1. Common stock
2. Preferred stock
3. Debt securities
4. Corporate debt
5. Municipal debt
6. US government debt
7. Investment companies
8. Alternative pooled investments
9. Options
10. Taxes
11. The primary market
12. The secondary market
13. Brokerage accounts
13.1 Fundamentals
13.1.1 Statements
13.1.2 Trade confirmations
13.1.3 Customer complaints
13.2 New accounts
13.3 Account registrations
13.4 Margin accounts
13.5 Options accounts
13.6 Other account specifications
14. Retirement & education plans
15. Rules & ethics
16. Wrapping up
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13.1.1 Statements
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13. Brokerage accounts
13.1. Fundamentals


Every product we’ve discussed so far is bought and sold in brokerage accounts. Maintained by broker-dealers, investors utilize these accounts to buy and sell securities. In this unit, we’ll learn about different types of brokerage accounts, plus their rules and regulations.

Account statements provide a historical view of account activity, security values, and overall balances. Broker-dealers are obligated to provide customers a transparent view of their assets. At a minimum, firms must send account statements to customers quarterly (every three months). However, monthly statements must be sent if a customer holds penny stocks in their account. Additionally, statements may be sent electronically (by email) if the customer requests.

Penny stock
An unlisted stock (one that does not trade on a stock exchange) trading below $5 per share

Although the firm must send consistent statements by mail (unless the investor elects for email delivery), customers may request their mail be held for short periods. For up to three months, customers may request that statements be held for any reason. For the mail to be held longer than three months, the customer must submit a request in writing and demonstrate a legitimate reason for the request (e.g., military deployment, safety, and security-related issues).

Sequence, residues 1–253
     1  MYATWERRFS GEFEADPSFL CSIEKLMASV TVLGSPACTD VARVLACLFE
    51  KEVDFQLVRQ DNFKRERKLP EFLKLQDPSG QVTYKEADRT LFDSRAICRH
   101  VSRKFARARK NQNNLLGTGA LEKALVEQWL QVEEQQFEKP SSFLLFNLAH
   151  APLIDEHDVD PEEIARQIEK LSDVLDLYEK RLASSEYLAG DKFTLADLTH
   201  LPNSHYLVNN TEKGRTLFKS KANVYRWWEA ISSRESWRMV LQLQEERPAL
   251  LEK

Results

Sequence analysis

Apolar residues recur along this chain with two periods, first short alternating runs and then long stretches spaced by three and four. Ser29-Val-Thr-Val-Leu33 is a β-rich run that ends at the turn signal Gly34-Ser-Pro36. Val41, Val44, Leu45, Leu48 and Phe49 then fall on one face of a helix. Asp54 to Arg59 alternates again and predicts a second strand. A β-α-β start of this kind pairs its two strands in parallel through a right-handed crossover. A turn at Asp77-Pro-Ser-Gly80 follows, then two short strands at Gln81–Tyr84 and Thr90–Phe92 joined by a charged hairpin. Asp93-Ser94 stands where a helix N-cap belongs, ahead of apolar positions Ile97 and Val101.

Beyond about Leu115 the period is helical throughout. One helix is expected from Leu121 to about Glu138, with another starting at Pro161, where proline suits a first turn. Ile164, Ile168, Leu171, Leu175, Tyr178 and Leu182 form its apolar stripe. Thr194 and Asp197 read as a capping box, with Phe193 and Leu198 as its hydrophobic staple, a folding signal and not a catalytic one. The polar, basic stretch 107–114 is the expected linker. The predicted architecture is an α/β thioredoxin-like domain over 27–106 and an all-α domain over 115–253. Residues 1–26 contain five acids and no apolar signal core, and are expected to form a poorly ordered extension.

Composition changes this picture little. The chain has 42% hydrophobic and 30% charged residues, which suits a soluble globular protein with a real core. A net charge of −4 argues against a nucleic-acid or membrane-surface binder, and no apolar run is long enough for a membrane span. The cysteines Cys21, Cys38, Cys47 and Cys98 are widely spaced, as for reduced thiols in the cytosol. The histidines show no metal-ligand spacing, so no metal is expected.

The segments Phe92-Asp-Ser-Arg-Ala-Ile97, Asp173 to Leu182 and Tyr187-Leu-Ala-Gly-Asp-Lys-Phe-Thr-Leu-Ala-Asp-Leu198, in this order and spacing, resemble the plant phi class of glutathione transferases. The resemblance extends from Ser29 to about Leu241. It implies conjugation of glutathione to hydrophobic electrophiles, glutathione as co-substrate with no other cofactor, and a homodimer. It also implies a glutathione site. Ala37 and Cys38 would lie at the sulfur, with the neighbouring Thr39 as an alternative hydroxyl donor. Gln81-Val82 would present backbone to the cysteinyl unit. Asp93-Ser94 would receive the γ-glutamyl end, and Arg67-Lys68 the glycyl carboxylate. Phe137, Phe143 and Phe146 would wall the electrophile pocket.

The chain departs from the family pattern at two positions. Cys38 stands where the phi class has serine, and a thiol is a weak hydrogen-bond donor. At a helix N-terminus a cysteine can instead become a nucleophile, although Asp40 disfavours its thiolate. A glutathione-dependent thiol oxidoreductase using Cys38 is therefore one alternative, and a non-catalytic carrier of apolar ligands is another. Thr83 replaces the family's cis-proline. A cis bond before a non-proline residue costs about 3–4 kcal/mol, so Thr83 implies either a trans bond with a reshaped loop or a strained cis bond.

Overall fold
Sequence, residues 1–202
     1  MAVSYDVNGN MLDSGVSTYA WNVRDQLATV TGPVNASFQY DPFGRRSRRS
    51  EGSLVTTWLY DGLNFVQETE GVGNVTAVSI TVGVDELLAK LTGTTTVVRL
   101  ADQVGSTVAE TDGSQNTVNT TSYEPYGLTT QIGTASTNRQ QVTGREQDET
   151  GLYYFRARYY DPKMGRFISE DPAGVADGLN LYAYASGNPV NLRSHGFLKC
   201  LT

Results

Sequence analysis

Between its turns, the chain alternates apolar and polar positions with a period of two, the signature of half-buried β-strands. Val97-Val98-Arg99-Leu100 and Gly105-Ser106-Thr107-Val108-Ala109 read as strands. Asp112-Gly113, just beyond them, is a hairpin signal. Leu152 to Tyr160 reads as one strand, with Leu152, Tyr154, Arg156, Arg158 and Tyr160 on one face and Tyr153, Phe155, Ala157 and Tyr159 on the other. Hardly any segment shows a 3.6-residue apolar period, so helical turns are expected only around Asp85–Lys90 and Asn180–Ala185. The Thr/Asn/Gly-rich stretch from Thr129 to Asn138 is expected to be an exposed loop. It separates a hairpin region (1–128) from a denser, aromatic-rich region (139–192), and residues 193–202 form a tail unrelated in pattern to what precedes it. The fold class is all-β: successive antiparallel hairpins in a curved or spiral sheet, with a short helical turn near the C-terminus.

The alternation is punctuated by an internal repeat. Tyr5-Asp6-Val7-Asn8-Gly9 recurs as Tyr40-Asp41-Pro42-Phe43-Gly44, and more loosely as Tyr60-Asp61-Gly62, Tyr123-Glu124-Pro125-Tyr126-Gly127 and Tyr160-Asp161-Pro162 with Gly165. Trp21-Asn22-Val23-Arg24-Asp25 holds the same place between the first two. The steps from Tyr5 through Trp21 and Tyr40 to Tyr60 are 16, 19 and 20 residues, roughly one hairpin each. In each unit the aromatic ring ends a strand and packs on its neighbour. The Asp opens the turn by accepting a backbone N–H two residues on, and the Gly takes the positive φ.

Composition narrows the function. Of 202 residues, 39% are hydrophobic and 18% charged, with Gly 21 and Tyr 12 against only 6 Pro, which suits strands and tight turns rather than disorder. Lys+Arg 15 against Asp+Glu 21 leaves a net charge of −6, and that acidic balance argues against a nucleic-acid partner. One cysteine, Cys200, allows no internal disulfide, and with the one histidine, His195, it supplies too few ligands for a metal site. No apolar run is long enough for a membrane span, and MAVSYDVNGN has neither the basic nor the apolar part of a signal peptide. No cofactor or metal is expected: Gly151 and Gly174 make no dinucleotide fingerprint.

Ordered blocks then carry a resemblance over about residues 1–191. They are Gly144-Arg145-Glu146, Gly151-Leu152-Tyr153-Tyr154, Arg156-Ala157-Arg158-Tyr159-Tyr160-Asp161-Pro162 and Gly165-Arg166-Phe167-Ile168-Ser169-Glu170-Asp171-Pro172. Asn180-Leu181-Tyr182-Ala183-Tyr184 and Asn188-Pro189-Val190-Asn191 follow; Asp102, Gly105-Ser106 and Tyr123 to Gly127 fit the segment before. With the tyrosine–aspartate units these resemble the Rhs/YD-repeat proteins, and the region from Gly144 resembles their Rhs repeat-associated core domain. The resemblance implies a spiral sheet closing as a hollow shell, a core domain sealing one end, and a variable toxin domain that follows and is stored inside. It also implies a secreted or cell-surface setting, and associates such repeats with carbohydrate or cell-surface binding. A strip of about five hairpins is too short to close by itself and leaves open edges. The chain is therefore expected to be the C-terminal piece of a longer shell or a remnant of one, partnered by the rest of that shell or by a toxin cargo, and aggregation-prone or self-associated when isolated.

FINRA’s rule on holding mail does not explicitly state how often mail can be held. For example, there is no rule against a customer requesting mail be held for three months, then taking a month break, then requesting another hold for three months. All that is required is for the firm to determine “reasonable intervals” for the mail hold instructions to apply. Additionally, firms must educate their customers on other ways to obtain their mail securely (e.g., by email).

Key points

Quarterly statements

  • Sent if there is no investment activity
  • Can be sent by mail or electronically

Monthly statements

  • Sent if penny stocks held in account
  • Can be sent by mail or electronically

Holding mail

  • Can hold customer mail for up to 3 months
  • May be held indefinitely for legitimate reason (e.g., safety, security)

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